The digital converted signal from each electrode is multiplexed, serialized and then transmitted to the computer.
Figure 3 shows an example of physical implementation, where each small white spot on the blue cap represents an EEG SoC element. The output lines of the EEG SoC elements are input into a single element that multiplexes and transmits the data. The transmission can be performed by fiber optics, wire or even by any wireless procedure.
4. Neural amplifier
The whole amplifier should provide low input referred noise and low power in order to meet the requirements of a neural amplifier for extended EEG applications. Figure 4 shows the basic circuit topology that will be detailed in the next sections.
It also needs to provide an active band pass filter, allowing that signals in very low frequencies (hundreds of miliHertz) up to the proposed 1500 Hertz pass through while being amplified.
That is achieved with the PID feedback network, comprised by the OTA, decoupling capacitors, nMOS switches, pseudo-resistors and integration capacitors, that will be described on the next sections.
The achieved Neural Amplifier closed loop frequency response can be seen in Figure 5. Low and high-cut-off frequencies, as well as gains and input referred noise for each gain option are also compiled in Table 2.
|Am (Designed)||Am (Simulated)||Low-CutOff||High-CutOff||Noise @ 1,5[kHz]|
4.1. PID feedback network with adjustable gain
The feedback network implements a band pass filter while controlling the gain, which can range approximately from 34.3 dB to 43.6 dB as shown in Figure 5. The variable gain is necessary to best fit the signal to the ADC stage, thus avoiding loss of resolution or signal saturation, while keeping the signal as reliable as possible. It also could mean an ADC of fewer bits, and consequently operating at lower frequencies, thus meaning even lower power dissipation. The inputs ControlReg come from digital registers that can be set by the software controlled by a physician, and the values are either or (in this case, or, respectively).
The 4 ControlReg options allow 16 different gain combinations. However, due to capacitor integration concerns, to be presented in the next section, some combinations are not feasible. Therefore Table 2 presents only 5 different combination gains.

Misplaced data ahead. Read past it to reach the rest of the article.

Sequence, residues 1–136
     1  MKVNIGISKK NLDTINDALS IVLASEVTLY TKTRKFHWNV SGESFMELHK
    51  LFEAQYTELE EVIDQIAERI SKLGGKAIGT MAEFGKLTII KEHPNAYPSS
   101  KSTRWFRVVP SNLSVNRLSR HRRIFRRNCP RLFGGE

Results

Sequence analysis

The highest gain is achieved with all ControlReg registers set as 0, in other words, just is connected to the network. The lower gain is implemented with all ControlReg registers set to 1, where and all integration capacitors are connected, as show in Table 2. Any other combination of ControlRegs implements a gain within the range of 43.52 dB to 33.98 dB.
The neural amplifier topology could be modified to reduce the number of gain steps by reducing the number of ControlReg lines, such as 2 or 3 lines.
The midband gain is given by (1):
where stands for each integration capacitor connected to the feedback network (controlled by its respective ControlReg switch, with X ranging from 0 to 3., and are shown in Figure 4.
The bandwidth, for and + is given approximately by (2):
where is the OTA transconductance, is the midband gain, BW is the bandwidth and is the load capacitance .
4.1.1. Integration capacitors
Integration capacitors, , , and were taken as 139, 34.8, 34.8, 69.5 and 139 fF, respectively. They were implemented using a matched capacitor matrix , as shown in Figure 6, to decrease process variations that could disturb the gain and bandwidth, since it is essential to keep them as accurately as possible. Each individual capacitor provides 34.76 fF. They have equal wide and length dimensions, of 6.6 m. By connecting groups of capacitors, it is possible to obtain multiple values.
Capacitor was sized 18 pF and is equal to 15 pF, and the received the same layout care as the integration capacitors. A guard ring made of dummy capacitors surrounds the matrix of capacitors to protect it against incoming noises.
4.1.2. pMOS pseudo-resistor
The pseudo-resistor presented in Figure 4 is actually composed of 6 diode connected pMOS transistors, as shown in Figure 7. In this topology each transistor was sized 4 m x 4 m. As described in , under positive, the parasitic source-well-drain pnp bipolar junction transistor (BJT) is activated, making the devices to act as junction BJT diode, thus providing the resistivity behavior indicated in Figure 8. It can be observed that for close to 0 V the resistance decreases. It is not interesting to our application, since the low-frequency cutoff given by (3) increases for lower values of resistance.